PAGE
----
Columbus Bank & Trust Co. v. High Country Stable

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277 N.W.2d 81 (1979)

202 Neb. 724

COLUMBUS BANK AND TRUST COMPANY, a Nebraska Banking Corporation, Appellee, v. HIGH COUNTRY STABLE, a partnership, Darvin R. Ritchie, Diane F. Ritchie, Gary L. Ritchie, Eugene B. Ley, and M. B. Ley, Appellants. Appeal of William C. KARLIN.

No. 41891.

Supreme Court of Nebraska.

March 27, 1979.

Kelly, Kelly & Kelly, Grand Island, for appellants.

Kennedy, Holland, DeLacy & Svoboda, Omaha, for appellee.

Heard before KRIVOSHA, C. J., BOSLAUGH, CLINTON and WHITE, JJ., and KNAPP, District Judge.

KNAPP, District Judge.

Plaintiff bank brought this action against High Country Stable, a Nebraska partnership; Darvin R. Ritchie, Gary L. Ritchie, *82 Eugene B. Ley, and William C. Karlin, the general partners thereof; and Diane F. Ritchie and M. B. Ley, upon a promissory note executed and delivered to plaintiff by High Country Stable and upon written guaranties covering the partnership's indebtedness executed and delivered to plaintiff by Darvin R. Ritchie and Diane F. Ritchie and by Eugene B. Ley and M. B. Ley. The action was stayed as to defendant Karlin following the filing of a Suggestion in Bankruptcy on his behalf. The remaining defendants answered by general denial.

Following extensive discovery, plaintiff moved for summary judgment, alleging that the pleadings, depositions, and admissions on file, together with plaintiff's supporting affidavit, showed there was no genuine issue as to any material fact and plaintiff was entitled to judgment as a matter of law. The trial court sustained plaintiff's motion, entered judgment against all remaining defendants and overruled defendants' motion for new trial. Defendants appeal, contending that genuine issues as to material facts remain unresolved. We affirm the judgment of the trial court.

The deposition of William Karlin established the execution and delivery of the promissory note and nonpayment thereof. Defendants' admissions established the execution and delivery of the guaranties and nonpayment thereunder. Defendants' answer did not specifically deny the signature on the note and, therefore, section 3-307, U.C.C., applies. That section provides: "(1) Unless specifically denied in the pleadings each signature on an instrument is admitted. * * *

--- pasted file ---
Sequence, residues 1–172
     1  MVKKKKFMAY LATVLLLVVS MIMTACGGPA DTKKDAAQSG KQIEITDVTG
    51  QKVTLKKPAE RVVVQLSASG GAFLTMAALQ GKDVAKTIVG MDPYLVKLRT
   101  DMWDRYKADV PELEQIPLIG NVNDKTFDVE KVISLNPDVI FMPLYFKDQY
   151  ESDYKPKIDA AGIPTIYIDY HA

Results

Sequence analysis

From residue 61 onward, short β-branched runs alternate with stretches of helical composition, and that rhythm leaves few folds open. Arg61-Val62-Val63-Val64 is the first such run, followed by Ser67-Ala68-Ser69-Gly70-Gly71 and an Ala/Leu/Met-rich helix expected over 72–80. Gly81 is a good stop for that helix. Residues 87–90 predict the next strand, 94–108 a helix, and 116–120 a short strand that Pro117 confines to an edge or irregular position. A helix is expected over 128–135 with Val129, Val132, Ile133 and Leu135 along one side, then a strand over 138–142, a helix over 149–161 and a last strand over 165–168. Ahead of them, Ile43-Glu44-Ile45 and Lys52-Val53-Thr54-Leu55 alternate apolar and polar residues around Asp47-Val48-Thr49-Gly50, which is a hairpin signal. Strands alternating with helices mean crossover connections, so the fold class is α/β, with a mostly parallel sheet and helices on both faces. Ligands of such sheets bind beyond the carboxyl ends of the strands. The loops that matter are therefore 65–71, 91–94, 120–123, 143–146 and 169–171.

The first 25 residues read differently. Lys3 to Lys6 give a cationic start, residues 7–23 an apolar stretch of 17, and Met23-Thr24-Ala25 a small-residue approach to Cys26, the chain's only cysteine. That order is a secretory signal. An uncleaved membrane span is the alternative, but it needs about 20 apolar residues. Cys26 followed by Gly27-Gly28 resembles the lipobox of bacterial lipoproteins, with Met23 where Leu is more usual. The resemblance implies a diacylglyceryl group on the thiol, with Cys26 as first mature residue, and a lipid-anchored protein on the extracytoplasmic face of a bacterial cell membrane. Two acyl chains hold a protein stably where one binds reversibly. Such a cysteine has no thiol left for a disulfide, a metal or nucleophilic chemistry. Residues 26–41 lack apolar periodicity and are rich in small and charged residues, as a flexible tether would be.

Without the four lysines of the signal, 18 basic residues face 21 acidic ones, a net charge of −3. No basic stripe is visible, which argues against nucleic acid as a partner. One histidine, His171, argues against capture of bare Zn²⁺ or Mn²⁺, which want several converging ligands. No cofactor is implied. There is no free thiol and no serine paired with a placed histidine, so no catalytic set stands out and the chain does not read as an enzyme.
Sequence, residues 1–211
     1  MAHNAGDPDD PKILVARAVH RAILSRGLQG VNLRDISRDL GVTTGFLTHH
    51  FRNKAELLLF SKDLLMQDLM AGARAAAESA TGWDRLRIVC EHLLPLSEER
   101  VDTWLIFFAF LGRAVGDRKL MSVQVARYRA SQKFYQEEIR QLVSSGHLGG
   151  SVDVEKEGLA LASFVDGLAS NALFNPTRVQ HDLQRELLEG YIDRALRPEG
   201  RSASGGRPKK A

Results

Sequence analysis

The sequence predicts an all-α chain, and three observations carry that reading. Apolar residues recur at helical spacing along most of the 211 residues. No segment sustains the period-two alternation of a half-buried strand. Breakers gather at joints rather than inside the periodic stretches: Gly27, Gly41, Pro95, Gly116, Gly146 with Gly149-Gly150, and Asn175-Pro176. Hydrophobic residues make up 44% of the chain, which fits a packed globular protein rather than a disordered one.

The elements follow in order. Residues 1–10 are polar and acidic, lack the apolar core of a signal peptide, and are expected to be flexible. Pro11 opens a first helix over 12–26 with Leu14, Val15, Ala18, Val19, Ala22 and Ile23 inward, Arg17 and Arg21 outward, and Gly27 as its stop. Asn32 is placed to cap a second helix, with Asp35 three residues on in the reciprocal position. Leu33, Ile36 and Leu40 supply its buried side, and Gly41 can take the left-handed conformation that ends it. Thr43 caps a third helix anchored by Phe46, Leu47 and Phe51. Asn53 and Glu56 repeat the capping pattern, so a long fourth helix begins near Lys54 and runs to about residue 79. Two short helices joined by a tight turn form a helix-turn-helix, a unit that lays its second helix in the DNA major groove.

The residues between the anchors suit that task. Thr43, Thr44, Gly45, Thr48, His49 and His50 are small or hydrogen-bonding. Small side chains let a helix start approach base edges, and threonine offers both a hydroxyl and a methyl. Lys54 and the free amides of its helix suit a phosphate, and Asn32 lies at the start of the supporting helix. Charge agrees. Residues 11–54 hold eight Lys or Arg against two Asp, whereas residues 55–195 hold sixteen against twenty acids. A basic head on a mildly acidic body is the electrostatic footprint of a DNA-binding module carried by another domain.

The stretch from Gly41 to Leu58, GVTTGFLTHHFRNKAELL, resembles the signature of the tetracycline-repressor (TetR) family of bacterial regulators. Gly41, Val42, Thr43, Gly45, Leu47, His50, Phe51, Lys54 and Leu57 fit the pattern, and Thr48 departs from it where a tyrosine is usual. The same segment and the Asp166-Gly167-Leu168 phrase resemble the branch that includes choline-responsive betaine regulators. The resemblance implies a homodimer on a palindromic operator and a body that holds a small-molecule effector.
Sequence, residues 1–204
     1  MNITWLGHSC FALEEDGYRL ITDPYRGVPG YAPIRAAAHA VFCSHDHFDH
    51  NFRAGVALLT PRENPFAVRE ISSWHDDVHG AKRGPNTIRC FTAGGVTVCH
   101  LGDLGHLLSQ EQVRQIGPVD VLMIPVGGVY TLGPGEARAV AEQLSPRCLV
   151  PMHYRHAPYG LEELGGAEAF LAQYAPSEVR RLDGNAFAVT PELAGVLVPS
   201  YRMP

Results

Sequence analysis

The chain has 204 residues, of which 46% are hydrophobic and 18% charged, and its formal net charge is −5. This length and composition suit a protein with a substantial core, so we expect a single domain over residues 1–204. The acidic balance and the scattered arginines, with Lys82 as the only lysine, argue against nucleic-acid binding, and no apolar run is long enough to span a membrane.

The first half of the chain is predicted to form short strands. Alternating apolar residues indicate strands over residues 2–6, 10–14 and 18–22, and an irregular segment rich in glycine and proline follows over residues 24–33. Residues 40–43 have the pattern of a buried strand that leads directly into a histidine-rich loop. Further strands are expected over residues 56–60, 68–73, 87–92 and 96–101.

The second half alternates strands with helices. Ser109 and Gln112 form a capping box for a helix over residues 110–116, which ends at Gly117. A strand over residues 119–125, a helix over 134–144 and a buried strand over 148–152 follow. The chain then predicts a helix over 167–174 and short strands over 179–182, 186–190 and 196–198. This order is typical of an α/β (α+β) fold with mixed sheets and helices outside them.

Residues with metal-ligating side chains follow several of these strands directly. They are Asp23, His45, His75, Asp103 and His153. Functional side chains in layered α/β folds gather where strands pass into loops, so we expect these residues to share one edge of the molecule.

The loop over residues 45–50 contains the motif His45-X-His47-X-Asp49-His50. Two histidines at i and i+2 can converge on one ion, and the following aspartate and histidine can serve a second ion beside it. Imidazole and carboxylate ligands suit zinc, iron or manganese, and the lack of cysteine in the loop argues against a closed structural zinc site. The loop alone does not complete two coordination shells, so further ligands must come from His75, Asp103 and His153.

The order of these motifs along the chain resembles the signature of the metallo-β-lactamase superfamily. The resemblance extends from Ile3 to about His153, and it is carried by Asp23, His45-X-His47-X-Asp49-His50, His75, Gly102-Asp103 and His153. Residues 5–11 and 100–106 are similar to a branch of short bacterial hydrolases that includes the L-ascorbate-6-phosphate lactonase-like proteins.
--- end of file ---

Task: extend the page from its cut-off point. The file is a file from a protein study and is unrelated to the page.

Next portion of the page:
"(2) When signatures are admitted or established, production of the instrument entitles a holder to recover on it unless the defendant establishes a defense." Comment 1 following that section states: "The purpose of the requirement of a specific denial in the pleadings is to give the plaintiff notice that he must meet a claim of forgery or lack of authority as to the particular signature, and to afford him an opportunity to investigate and obtain evidence." See, also, Center Bank v. Mid-Continent Meats, Inc., 194 Neb. 665, 234 N.W.2d 902; Adair v. Adair, 192 Neb. 571, 222 N.W.2d 908.

Defendants' sole contention on appeal is that certain statements in the Karlin deposition can be construed as justification for inferences that funds belonging to defendant partnership may have been wrongfully commingled with another Karlin account and that plaintiff may have received certain insurance proceeds and may have wrongfully failed to apply such proceeds to the account of the partnership and that, because of the possibility of commingling of accounts and the possibility of wrongful failure to apply funds, there exists a factual issue as to the amount due on the note.

The petition set out copies of the note and of the guaranties and alleged the amount claimed to be due. Defendants failed to plead payment, partial payment, wrongful acts, fraud, want of authority, or any other defense that would contravert plaintiff's allegation of amount due. Such defenses must be affirmatively pleaded in order to be available to defendants. Not being pleaded, no issue of fact is presented for determination. Center Bank v. Mid-Continent Meats, Inc., supra; Poland v. Gibson, 190 Neb. 696, 211 N.W.2d 900.

An affirmative defense not pleaded raises no issue. The existence of a factual dispute relative to a nonexistent issue cannot preclude the rendition of a summary judgment otherwise appropriate. The judgment of the trial court was correct and is affirmed.